The Herald-Journal of Greene County, an hour-and-a-half drive out Interstate 20 from Atlanta, recently carried what I consider to be one of the all-time news stories. 
Maybe THE all-time news story. Keep in mind, the Herald- Journal is no National Enquirer.
 It doesn’t carry stories about Hitler being alive and well on Neptune or stories about a woman giving birth to a duck, although the story I referred to earlier, to me, is even a bigger eye-popper. 
I’ll give the article’s headline first:
  «The Lord Speaks to Pep Stone Warning Him Not to Go to Hay Field Where Over $30,000 in Machinery was Stolen in the Early Morning.» 
Long headline, I realize, but the reader got all the facts in a hurry. 
Local citizen Pep Stone, the article stated, has been in the hay business in Greene County since 1948. He awakened one recent morning at two o’clock. It was raining. Pep Stone had a hayfield he hadn’t covered the day before. He decided he’d better go to the field and cover it. 
The article quoted Pep: «I was still in bed, fixing to put on my overalls, when a voice came to me and said, ‘Don’t go, you will get hurt.'» Pep went back to bed. When he awakened again, he and a friend drove to the hayfield 10 miles away. At the gate they found the lock had been shot away. «My eyes got big and my heart skipped fast when I realized that someone had stolen my tractor and hay baler. I had paid $30,000 for this equipment,»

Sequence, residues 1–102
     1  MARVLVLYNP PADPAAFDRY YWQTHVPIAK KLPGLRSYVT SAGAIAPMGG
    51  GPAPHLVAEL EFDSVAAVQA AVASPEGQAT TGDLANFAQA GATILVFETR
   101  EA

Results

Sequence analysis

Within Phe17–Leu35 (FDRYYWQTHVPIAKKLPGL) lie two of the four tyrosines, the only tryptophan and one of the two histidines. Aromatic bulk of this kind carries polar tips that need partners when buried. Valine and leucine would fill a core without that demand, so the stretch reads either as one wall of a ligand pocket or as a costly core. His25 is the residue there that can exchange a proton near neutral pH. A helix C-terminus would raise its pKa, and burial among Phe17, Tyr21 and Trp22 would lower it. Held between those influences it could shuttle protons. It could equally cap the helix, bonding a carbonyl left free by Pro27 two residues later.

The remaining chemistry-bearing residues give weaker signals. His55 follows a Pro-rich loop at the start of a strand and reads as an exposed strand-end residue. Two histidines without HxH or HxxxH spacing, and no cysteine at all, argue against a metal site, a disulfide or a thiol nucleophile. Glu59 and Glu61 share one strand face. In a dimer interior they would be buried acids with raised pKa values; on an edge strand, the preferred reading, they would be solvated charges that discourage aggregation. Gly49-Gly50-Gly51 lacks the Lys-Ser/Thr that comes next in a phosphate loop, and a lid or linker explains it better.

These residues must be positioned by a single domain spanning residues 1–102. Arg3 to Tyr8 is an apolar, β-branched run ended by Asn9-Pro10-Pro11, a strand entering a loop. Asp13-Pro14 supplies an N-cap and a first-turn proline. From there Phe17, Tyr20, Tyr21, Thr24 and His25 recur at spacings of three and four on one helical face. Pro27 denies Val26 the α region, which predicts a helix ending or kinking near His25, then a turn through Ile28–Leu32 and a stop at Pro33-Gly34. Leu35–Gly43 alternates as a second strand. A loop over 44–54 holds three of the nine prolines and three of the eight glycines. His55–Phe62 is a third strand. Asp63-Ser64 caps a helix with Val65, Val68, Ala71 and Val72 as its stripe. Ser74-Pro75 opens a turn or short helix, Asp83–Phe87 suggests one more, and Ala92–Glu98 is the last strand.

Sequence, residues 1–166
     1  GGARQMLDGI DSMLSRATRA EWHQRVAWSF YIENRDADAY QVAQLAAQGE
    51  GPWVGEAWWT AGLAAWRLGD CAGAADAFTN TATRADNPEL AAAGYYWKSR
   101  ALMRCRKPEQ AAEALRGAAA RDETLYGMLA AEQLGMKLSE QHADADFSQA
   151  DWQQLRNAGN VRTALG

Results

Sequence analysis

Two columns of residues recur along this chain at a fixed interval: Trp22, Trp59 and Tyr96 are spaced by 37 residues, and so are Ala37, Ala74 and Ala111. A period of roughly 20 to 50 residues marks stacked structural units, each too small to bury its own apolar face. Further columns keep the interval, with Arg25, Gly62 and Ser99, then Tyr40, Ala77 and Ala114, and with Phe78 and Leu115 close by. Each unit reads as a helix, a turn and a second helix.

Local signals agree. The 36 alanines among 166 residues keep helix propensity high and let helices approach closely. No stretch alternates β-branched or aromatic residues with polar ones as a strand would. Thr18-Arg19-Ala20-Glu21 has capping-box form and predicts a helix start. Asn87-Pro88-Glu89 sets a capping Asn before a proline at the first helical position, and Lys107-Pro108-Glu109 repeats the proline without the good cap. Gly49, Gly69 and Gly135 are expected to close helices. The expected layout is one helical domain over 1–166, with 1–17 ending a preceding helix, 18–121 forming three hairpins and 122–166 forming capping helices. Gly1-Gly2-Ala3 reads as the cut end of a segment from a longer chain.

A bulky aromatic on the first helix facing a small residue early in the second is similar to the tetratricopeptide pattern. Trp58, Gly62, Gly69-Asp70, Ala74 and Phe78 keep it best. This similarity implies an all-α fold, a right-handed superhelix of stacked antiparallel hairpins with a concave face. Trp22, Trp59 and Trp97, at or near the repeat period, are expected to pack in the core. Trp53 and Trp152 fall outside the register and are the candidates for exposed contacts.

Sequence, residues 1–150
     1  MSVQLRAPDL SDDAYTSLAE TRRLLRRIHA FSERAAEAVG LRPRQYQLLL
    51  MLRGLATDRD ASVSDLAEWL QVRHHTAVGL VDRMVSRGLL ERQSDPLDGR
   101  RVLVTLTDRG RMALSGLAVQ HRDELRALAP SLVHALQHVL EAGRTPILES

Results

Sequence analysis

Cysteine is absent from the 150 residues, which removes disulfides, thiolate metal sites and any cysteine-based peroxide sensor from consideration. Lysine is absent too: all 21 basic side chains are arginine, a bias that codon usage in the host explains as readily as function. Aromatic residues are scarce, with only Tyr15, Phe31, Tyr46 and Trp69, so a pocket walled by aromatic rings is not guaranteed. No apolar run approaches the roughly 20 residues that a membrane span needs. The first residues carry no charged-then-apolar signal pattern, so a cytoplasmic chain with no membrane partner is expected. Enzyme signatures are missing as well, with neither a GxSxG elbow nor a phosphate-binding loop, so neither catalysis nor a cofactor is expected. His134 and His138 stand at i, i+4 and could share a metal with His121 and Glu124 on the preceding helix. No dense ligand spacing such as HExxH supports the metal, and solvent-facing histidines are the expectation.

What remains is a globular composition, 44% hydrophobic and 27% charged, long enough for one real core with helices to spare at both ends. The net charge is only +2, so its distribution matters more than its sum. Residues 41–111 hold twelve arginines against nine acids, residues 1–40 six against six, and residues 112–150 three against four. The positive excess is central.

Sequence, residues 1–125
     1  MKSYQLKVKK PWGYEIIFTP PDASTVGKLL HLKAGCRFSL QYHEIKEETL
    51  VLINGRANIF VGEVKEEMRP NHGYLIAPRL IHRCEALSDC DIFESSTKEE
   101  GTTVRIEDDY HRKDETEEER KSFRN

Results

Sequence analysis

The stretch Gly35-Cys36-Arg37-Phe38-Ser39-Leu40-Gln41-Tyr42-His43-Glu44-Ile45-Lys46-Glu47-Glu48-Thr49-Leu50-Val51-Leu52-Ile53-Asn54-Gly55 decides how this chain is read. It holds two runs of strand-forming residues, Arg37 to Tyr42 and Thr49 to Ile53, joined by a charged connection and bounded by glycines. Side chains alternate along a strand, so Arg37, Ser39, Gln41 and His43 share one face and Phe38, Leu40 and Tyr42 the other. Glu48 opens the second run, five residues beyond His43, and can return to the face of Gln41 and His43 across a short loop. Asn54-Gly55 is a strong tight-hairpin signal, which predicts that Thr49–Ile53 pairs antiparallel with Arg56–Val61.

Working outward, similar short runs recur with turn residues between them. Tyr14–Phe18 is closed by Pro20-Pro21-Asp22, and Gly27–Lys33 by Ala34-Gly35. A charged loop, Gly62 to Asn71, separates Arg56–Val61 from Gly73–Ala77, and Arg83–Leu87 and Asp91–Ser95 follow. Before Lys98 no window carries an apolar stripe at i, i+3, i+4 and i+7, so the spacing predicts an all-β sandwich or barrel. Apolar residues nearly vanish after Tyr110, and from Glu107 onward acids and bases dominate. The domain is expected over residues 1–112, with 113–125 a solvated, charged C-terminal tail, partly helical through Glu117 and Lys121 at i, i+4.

Pep was quoted further. Tough break, but Pep put it all in perspective. «I am living today,» he said, «because of my religious belief. It was a voice that spoke loud and clear. 
I honestly believe if I had gone down to the hayfield, I would have been killed. I can buy some more equipment,» he went on, «but I can’t replace my life.» 
A friend who knows Pep well told me «Pep’s in church every time the door opens. If he says the Lord spoke to him, I’m not going to doubt it one bit.» 
Obviously the Herald-Journal didn’t, either. Refer to the headline and realize it didn’t say,
 «Pep Stone says the Lord Spoke to Him….» 
It said, «The Lord Speaks to Pep Stone….» 
There is a huge difference. Most newspapers would have used the first headline, casting some degree of doubt of the Lord’s personal warning.
 Did the Lord actually speak to Pep or did Pep just say the Lord did? Not the Herald- Journal. 
It took Pep’s word and told us in something close to 36- point type that the Lord did indeed get in touch with a Greene County man and save the man from harm’s way, and that’s what I call a major league news story. 
Do you realize the news of the Lord speaking to a mortal is bigger than news that Hitler is alive and well, a woman has given birth to a duck or that Elvis is running a car wash on the outskirts of Little Rock? 
Of course it is. It says to atheists they’d better make an immediate turnaround. 
It says a marquee in front of a local church I rode past was absolutely correct: 
«Draw nigh with God and God will draw nigh with you.» 
It also says there’s a small town out there with a newspaper that has cast away the cynical nature of most other newspapers so that if a God-fearing local citizen says the Lord spoke to him, who is the local newspaper to cast any doubt as to the veracity of his words? Most other newspapers could use a little of that, too. Verily, verily, double-verily.
 — Lewis Grizzard